By April Garbuz, Wilton High School
In our culture, little girls spend their time changing dolls’ clothes and playing house, while little boys spend time wrestling in the mud. A young boy playing with dolls is considered a major taboo in our civilization, as is a young girl rough-housing. While children’s choice of play seems to be a direct response to society’s expectations, there may be another influence on this behavior. It is time we point our fingers at nature -- as opposed to nurture -- because our evolutionary ancestry may play a bigger role than we thought in the way children play.
Anthropologist Richard Wrangham’s 14 year ongoing study at Kibale National Park presents evidence that the chimps exhibit gender-based preferences in toys. Young female chimps in the Kanyawara community often use sticks to imitate child care by hugging them, creating games, and tucking them into bed. Young males infrequently use sticks in the same fashion. They are far more often fighting with the sticks -- an uncommon behavior amongst the females. Wrangham’s previous research concluded that when monkeys were presented with toy cars, balls, pots and dolls, the majority of the females gravitated towards the pots and dolls, while the males went for the cars and balls.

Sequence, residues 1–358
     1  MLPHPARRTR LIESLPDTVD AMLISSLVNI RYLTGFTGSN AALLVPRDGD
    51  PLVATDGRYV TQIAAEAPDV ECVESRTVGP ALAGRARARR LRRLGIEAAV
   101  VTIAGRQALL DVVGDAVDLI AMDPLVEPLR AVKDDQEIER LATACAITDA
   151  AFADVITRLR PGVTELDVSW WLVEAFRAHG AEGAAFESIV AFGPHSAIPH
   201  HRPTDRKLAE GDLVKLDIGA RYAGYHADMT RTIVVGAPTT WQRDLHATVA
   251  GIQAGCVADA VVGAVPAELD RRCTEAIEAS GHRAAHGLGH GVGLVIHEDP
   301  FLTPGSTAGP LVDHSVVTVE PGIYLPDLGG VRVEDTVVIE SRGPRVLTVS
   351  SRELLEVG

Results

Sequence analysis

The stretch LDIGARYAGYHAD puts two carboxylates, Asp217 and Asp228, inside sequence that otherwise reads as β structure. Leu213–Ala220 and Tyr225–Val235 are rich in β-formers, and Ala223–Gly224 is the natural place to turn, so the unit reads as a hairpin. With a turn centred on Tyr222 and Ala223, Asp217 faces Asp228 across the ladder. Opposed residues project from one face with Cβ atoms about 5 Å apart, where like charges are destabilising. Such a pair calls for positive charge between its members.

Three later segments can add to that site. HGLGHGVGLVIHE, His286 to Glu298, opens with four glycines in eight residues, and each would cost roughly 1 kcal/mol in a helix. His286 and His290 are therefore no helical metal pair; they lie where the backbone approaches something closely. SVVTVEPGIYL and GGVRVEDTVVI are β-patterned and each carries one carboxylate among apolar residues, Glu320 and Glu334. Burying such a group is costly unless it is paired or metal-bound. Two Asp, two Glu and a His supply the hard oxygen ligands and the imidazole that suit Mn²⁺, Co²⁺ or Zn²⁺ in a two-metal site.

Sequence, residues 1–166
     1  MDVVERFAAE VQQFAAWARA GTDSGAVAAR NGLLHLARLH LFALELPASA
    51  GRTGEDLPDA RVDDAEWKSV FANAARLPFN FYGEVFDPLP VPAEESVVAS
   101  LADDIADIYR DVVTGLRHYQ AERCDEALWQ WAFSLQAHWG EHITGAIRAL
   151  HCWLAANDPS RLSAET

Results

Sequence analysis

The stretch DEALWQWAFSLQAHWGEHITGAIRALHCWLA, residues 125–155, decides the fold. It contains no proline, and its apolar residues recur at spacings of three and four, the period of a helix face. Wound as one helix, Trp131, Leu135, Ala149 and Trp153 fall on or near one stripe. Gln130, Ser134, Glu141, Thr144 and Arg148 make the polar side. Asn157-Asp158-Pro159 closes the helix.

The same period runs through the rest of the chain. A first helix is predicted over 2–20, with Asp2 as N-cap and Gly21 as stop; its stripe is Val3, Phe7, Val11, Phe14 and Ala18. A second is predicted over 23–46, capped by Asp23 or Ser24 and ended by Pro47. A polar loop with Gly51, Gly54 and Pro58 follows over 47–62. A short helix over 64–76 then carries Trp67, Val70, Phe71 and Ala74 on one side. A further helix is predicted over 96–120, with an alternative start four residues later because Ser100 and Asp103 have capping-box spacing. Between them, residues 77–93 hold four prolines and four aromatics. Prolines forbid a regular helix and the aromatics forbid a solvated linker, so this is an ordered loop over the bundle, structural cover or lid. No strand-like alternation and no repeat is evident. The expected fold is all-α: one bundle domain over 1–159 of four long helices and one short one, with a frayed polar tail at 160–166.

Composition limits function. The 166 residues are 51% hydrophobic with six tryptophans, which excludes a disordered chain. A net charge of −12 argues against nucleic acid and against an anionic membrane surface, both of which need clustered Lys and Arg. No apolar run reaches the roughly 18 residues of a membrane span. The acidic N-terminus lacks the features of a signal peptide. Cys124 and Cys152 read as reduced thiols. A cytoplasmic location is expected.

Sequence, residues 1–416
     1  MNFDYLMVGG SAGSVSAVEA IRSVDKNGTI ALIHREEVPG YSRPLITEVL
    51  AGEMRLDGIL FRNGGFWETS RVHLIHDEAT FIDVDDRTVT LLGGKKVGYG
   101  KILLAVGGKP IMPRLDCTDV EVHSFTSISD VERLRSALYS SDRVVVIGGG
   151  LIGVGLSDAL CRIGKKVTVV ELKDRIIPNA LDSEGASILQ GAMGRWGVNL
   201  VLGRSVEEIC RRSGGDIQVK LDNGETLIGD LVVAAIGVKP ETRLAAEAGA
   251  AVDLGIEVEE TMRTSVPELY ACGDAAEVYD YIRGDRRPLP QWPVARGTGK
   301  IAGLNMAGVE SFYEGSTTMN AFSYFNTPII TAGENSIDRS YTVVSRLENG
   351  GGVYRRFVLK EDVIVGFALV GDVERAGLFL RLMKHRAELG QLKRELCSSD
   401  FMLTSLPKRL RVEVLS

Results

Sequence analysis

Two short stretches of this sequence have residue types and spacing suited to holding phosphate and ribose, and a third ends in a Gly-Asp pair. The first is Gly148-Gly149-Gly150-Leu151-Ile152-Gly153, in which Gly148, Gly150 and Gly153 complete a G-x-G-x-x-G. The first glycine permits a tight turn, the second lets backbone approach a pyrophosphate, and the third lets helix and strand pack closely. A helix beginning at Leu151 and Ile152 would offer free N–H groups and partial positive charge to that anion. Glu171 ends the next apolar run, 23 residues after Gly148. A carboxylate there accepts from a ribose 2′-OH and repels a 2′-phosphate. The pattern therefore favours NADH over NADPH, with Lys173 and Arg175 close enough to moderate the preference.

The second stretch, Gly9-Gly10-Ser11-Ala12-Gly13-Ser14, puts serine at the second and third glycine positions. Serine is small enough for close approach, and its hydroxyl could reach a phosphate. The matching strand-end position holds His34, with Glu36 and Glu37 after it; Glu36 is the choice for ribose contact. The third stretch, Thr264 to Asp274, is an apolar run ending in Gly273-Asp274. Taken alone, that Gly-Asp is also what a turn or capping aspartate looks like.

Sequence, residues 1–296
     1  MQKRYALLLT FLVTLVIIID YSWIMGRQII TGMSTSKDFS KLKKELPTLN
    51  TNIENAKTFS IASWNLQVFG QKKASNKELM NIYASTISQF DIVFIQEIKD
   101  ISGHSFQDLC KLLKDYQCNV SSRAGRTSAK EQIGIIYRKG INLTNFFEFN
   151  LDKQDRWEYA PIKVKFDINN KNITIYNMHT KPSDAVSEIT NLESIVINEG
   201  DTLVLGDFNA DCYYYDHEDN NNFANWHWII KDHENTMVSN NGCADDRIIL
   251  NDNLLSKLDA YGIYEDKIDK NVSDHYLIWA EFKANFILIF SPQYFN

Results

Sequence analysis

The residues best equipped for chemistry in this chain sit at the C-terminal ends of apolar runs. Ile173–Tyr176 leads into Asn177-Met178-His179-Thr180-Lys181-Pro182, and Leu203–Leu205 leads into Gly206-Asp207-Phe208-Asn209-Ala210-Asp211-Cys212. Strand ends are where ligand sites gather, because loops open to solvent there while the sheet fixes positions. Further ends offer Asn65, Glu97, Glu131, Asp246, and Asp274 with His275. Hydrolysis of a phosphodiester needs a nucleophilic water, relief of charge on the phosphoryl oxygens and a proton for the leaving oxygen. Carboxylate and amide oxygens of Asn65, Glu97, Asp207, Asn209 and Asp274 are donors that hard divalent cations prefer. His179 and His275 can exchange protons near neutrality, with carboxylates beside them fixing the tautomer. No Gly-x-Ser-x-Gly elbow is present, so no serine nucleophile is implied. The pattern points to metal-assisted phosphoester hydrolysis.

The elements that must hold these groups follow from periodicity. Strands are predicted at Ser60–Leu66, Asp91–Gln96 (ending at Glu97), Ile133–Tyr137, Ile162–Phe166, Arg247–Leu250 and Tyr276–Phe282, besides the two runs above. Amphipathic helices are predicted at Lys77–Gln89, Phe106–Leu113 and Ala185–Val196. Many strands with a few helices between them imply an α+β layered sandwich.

The play of the young chimps displays no evidence of direct influence by the adult chimps. However, the young females have a tendency to carry sticks in a style reminiscent of mock-mothering. Researchers suggest that young Kanyawara chimps model their play behavior after each other, not the mother chimps themselves, as the mothers hold babies, rather than sticks, and do not directly model this behavior. Mocking each other's play habits is consistent with the “monkey see, monkey do” behavior exhibited in the community. Through studies like this, we come to realize that sex-based stereotypes often ring true.